Posted: 19 Feb 2018 Contributor: Matthew J Fritschle
Here's What Users Have to Say About Snapchat's Redesign
Love it or hate it, Snapchat got a big redesign recently, and people ARE NOT HAPPY. In their official announcement made back in November 2017, they explained that their goal was to separate the social from the media, with Chats and auto-advancing Stories from friends residing on the left side of the app, and Stories from publishers, creators and the community on the right:
Until now, social media has always mixed photos and videos from your friends with content from publishers and creators. While blurring the lines between professional content creators and your friends has been an interesting Internet experiment, it has also produced some strange side-effects (like fake news) and made us feel like we have to perform for our friends rather than just express ourselves.
As part of the app’s redesign, Snapchat created the dynamic Friends page on the left side of the camera — a revamped Friends page that displays your friends based on how you communicate with them. They described it as a sophisticated ‘Best Friends’ algorithm that makes it easier to find the friends you want to talk to, when you want to talk to them.
In other words, instead of scrolling through a list to find the person you want to message, if they’re someone you interact with regularly, they’ll be right there on the top. For example, let’s say you message Jessica more than Claire, who you message less than John. In this scenario, Jessica will be all the way on the top, followed by John, then Claire, and so on.
That’s on the left, and on the right side of the camera is the new Discover page, with Stories from those who aren’t your friends (remember, your friend’s stories are on the Friends page). At the top of the Discover page are your subscriptions, which are then followed by other Stories you might be interested in watching.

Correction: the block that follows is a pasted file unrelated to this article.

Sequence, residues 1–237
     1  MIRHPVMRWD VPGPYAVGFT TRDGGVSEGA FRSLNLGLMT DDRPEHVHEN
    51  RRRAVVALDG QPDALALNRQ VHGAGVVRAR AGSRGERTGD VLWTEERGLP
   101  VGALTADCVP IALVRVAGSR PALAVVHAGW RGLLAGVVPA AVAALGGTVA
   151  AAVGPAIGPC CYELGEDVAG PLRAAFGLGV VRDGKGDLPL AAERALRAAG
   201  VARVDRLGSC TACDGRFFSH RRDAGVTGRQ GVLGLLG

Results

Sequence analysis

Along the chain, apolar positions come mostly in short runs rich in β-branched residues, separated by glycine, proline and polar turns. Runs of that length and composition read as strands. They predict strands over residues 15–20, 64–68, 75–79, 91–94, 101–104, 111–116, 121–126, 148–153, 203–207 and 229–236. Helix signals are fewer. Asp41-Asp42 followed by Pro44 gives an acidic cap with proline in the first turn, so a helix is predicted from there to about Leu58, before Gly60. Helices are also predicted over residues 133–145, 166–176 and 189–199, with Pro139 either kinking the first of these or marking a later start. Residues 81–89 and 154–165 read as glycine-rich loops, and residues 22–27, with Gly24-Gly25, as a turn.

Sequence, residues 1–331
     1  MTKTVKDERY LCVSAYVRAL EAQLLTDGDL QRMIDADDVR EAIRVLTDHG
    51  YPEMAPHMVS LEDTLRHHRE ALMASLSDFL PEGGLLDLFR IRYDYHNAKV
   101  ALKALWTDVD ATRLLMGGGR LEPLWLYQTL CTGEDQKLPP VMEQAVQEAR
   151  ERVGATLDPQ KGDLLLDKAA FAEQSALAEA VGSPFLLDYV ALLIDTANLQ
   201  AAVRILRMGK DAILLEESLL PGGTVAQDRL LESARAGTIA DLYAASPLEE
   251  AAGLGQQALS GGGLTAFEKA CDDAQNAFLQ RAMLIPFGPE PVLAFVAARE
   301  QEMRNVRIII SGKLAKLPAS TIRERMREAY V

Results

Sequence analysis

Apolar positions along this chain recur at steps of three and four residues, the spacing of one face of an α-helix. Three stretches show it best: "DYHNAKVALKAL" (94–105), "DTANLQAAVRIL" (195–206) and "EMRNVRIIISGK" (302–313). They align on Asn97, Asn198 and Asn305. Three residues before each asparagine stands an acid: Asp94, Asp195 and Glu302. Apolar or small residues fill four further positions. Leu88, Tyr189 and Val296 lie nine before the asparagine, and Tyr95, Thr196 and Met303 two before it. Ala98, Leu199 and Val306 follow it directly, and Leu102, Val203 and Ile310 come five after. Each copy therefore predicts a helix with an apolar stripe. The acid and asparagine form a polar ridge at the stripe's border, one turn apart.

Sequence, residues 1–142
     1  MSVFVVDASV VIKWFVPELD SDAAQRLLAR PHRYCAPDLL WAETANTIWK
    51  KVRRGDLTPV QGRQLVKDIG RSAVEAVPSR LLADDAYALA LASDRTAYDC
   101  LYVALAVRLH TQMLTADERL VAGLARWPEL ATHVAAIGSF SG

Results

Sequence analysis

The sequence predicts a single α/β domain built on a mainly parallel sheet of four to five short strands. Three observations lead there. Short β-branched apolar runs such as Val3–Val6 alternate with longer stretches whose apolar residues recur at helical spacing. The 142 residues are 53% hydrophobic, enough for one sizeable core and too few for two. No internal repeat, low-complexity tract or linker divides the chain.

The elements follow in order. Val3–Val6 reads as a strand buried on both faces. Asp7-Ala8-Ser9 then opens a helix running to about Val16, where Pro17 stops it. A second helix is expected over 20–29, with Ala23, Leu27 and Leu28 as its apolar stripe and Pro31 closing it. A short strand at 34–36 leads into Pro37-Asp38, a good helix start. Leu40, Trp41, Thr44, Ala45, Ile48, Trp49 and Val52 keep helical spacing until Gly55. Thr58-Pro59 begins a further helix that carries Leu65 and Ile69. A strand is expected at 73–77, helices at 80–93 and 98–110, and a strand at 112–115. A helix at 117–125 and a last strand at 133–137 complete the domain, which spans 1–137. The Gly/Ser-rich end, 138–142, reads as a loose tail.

A Change in Algorithms
Snapchat pointed out that, because it’s an algorithm change, it might take a while for the app to get you and your preferences right, so give the Friends page some time to realize who your best friends are, and the Discover page to understand the Stories you’ll truly be interested in.
The Love/Hate Relationship
Unfortunately for Snapchat, saying that the redesign was met with mixed reviews is a bit of an understatement. Plain and simple, a lot of people just don’t like change, and while Snapchat claims that the redesign will make the app easier to use, the majority believes otherwise. Instead, they’re saying that it’s made many features more difficult to use.
In fact, a Change.org campaign tited ‘Remove the new Snapchat Update’ is already gaining momentum, with 1,033,826 signatures as of 2:34 PM ET (Thursday, February 15). In this camp is Jessica Liu, a senior analyst at Forrester, who believes that the change will turn off Snapchat’s key user base of teens and young adults:
"Snap's new product strategy and redesign runs counter to why Snapchat was appealing to its younger demographic in the first place and it could alienate that existing user base because they're now trying to cater to the masses and Wall Street." - Jessica Liu
On the other camp is Daniel Ives, chief strategy officer and head of technology research at GBH Insights, who thinks it’s a breath of fresh air:
"This was a much needed redesign for Snap as the complexity and nature of the app was shunning older demographics and a major issue for advertisers, which remain the golden goose for the company." - Daniel Ives
Whatever your stance, it’s clear that Snapchat needs to listen to their users. If you’re one of the few who like the redesign, good! If not, feel free to use this guide to switch Snapchat back to its previous design… temporarily, that is.
Recapping the Redesign
Let’s close with a quick recap. Snapchat’s basic functionality is still there — open the app, take a picture and send, and here’s the breakdown:
- The Stories page is gone: your friends’ Stories are on the new Friends page, and all other Stories from publishers, etc. are on the new Discover page
- They want to draw a distinction between personal and entertainment content
- Auto-advancing Stories for friends are back (to a certain extent): when you watch your friend’s Story, you’re asked if you want to watch the next available Story from another friend (think of Netflix’ autoplay feature)
- They want us to spend more time on the app by watching more back-to-back Stories
- Updated algorithms for more personalization: with time, the algorithms will zero-in on who your best friends are and which content from others you’ll want to see on the Discover page
And that’s Snapchat’s new update. On a final note, not everything is bad. Snapchat’s new text fonts, for example, are well liked ¯\_(ツ)_/¯